Bibliographic work of Ivan Franjo Jukić and the end of cultural history. Bibliographies as a source for the history of books and cultural history

Slavko Harni



Bosnian Franciscan Ivan Franjo Jukić (1818-1857) died a hundred and fifty years ago. He was one of the most prominent figures in the 19th century cultural life of Bosnia and Herzegovina, credited with the development of a wide-ranging set of aspects of cultural life in Bosnia and Herzegovina, organised in the unpropitious conditions of the Turkish occupation. Among other things, he studied the non-religious cultural history of Bosnia and Herzegovina and, in particular, the literary work of his Franciscan predecessors who were active in pastoral work for many years on the entire Croatian cultural territory and, in some periods, outside this territory. Preaching in the tongue of the people, they contributed greatly to the standardisation of the Croatian language and to the development and use of bosanica as a specific form of the Croatian Cyrillic script. Jukić was one of the first, if not the first Croatian student of this script. The study of bosanica was an inspiration to him to collect and bibliographically describe books written in this script and, also, books written in the Latin script. Thus emerged the core of his text, Bosnian Literature, which is in fact a general bibliography of Bosnia and Herzegovina. It was the first book to set as a criterion the secular and not the religious borders of Bosnia. The text was published in two installments in the first literary journal in Bosnia and Herzegovina, Bosanski prijatelj, started and edited by Jukić.

The paper is to commemorate the anniversary of his death. It provides an insight into the results of the bibliographic, cultural and historic study of Jukić’s text. The bibliographic study focuses on the bibliographic structure, bibliographic descriptions and on the criteria applied in the selection of the material. The bibliographic features are analysed as part of the cultural and historic context, in the synchronic and diachronic sense of the word. The method applied in the contextualised bibliographic analysis provides background for the study of some of Jukić’s less well known standpoints, relevant for the criteria employed in the selection of the materials for the national retrospective bibliography.

The need to approach the matter from cultural and historic aspects is in correspondence with Jukić’s devout support of the Illyrian movement. This movement promoted the unity of the Southern Slavs, calling them all Illyrians and regarding them as basically a single people speaking the same language. As one of its focuses, the movement also promoted bibliographic work. Tracing back this orientation leads us to its source, the German Romanticism, which relied on the common language for the building of unity of the disunited German lands, and promoted the primacy of culture over the primacy of politics. With the German people this unity was successful, whereas the political reality, in part shaped by bloody wars, was a vivid proof of the failure of the Illyrian, and later, of the Southern Slavic idea. The course of research done for this paper was greatly affected by this historical fact, especially evident in the criteria for the selection of the bibliographic material.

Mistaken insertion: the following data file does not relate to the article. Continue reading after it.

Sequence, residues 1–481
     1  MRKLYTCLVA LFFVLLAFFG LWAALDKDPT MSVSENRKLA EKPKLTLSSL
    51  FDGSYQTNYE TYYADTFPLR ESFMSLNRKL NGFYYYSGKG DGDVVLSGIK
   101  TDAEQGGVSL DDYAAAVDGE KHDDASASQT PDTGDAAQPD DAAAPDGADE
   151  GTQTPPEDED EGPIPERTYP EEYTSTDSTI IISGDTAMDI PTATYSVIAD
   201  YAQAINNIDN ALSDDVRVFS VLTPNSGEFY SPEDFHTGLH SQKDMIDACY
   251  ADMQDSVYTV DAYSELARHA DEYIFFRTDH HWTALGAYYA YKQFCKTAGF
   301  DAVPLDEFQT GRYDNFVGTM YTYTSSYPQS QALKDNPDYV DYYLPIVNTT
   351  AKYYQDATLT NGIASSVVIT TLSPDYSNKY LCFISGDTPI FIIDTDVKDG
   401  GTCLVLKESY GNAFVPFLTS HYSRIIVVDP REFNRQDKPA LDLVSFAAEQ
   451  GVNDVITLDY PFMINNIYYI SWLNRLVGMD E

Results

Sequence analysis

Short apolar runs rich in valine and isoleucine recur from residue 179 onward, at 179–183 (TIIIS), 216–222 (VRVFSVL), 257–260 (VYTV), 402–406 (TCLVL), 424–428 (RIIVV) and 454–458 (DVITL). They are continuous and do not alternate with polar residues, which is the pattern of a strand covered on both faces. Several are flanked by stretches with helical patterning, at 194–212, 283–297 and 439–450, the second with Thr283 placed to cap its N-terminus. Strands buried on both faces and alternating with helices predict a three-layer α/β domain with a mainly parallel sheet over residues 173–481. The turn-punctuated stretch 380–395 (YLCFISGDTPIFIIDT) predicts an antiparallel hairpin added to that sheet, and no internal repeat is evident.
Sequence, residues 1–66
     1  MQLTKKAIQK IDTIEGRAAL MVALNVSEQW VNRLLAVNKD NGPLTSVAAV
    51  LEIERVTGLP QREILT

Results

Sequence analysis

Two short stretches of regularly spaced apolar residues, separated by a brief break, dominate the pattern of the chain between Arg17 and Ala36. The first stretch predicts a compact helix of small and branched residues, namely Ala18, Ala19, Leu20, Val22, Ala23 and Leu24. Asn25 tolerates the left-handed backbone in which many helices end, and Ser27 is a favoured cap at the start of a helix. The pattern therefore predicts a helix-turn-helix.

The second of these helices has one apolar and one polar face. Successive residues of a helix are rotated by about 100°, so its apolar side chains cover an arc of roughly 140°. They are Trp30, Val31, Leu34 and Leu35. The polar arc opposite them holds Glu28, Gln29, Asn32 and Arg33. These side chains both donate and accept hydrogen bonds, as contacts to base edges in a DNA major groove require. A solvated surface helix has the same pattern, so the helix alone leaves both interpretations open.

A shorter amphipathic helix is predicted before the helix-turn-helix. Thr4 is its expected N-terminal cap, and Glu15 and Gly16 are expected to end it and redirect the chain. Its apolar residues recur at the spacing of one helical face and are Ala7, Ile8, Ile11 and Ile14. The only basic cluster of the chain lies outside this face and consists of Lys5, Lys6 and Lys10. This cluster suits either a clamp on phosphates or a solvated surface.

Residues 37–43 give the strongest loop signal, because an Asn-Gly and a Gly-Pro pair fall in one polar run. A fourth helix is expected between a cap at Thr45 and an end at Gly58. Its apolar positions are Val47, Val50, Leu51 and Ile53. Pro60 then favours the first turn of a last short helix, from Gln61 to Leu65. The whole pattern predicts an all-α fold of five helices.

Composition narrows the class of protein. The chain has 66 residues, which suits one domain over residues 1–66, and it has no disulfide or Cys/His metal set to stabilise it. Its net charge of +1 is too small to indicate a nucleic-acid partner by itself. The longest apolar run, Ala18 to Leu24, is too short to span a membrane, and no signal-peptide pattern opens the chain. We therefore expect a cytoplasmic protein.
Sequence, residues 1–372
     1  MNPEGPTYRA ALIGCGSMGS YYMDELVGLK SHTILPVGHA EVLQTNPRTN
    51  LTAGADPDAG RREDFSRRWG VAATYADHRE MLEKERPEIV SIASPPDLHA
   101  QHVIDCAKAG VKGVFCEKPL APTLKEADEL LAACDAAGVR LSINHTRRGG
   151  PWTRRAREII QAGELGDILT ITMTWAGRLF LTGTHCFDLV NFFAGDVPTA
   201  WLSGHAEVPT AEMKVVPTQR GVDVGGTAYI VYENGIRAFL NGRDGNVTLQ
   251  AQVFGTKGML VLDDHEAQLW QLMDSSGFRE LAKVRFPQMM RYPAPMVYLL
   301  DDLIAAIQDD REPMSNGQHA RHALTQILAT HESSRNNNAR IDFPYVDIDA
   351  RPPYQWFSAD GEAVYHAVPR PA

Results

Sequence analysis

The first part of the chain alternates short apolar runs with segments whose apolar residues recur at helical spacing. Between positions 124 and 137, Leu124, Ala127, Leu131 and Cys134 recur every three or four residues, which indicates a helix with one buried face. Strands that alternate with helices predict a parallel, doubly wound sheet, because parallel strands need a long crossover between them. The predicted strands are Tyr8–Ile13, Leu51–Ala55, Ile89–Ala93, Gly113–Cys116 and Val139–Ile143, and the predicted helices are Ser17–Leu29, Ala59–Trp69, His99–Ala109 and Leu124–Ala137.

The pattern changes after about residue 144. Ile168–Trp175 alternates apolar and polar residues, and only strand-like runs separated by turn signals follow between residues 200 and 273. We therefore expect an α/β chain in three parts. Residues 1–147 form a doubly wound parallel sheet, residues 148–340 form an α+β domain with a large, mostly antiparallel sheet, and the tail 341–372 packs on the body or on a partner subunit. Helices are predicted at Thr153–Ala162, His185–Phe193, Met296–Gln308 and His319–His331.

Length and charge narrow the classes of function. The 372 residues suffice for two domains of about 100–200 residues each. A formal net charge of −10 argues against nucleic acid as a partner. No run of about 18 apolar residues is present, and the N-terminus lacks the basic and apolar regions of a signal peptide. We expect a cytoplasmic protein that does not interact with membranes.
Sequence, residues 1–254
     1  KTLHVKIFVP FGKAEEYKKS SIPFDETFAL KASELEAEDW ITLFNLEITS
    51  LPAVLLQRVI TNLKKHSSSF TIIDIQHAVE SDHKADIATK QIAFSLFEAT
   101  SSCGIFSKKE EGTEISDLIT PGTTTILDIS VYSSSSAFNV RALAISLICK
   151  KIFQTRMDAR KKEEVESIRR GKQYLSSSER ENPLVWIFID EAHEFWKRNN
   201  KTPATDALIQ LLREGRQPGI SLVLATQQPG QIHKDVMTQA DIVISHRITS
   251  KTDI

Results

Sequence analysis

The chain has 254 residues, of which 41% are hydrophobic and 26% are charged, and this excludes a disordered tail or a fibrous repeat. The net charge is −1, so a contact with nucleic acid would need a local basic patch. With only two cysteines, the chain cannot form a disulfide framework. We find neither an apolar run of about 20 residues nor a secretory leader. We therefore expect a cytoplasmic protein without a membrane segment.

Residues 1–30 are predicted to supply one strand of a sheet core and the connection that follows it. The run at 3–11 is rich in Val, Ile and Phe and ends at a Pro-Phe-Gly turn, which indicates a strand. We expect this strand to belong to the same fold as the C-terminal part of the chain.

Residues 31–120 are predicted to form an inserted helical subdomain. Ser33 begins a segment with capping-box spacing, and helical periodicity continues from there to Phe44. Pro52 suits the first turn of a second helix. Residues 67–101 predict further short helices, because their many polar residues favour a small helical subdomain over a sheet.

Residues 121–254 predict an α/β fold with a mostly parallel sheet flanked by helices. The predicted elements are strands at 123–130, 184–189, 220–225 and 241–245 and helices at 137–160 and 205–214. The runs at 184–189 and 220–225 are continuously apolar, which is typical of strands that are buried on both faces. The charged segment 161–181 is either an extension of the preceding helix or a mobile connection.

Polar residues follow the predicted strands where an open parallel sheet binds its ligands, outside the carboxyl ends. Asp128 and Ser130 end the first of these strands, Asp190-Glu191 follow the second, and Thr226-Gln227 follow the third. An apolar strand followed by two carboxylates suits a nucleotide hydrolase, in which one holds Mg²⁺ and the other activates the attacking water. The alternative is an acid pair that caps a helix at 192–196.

Starting off with the Illyrians’ understanding of what ”the regional’’ denotes, Jukić not only accepted the identification of the Illyrians and the Southern Slavs as one and the same entity, but he also treated Bosnia’s Muslims as the ”glorious Illyrian people’’, not only territorially but also ethnically. Students of the cultural and political history of Bosnia did not agree with Jukić’s arguments, and the cultural and historical processes proved him wrong by developing in directions that Jukić could not have foreseen or expected. The outcome of the Turkish siege of Bosnia was, namely, in the identification of the religious with the national. So it happened that Jukić, as a Catholic, is thought of as a Croatian culturalist and bibliographer, and a member of the Croatian ethnic group, irrespective of the fact that, territorially speaking, he belongs to Bosnia and Herzegovina and is a member of that state’s cultural elite.

A bibliographic analysis makes up the core of the paper, and the core is framed by a methodologically immanent, modern cultural and historical context. Furthermore, inspired by Jukić’s Illyrian orientation, the analysis is also evaluated briefly from the point of view of the post-modern cultural and historic constructivism. Keywords:
Ivan Franjo Jukić; bibliography; bibliographic analysis; Bosnian Franciscans; Bosanski prijatelj; Illyrian movement


Ivan Franjo Jukić; bibliography; bibliographic analysis; Bosnian Franciscans; Bosanski prijatelj; Illyrian movement

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Libellarium (Online). ISSN 1846-9213 © 2008


Creative Commons License
This work is licensed under a Creative Commons Attribution 4.0 International License.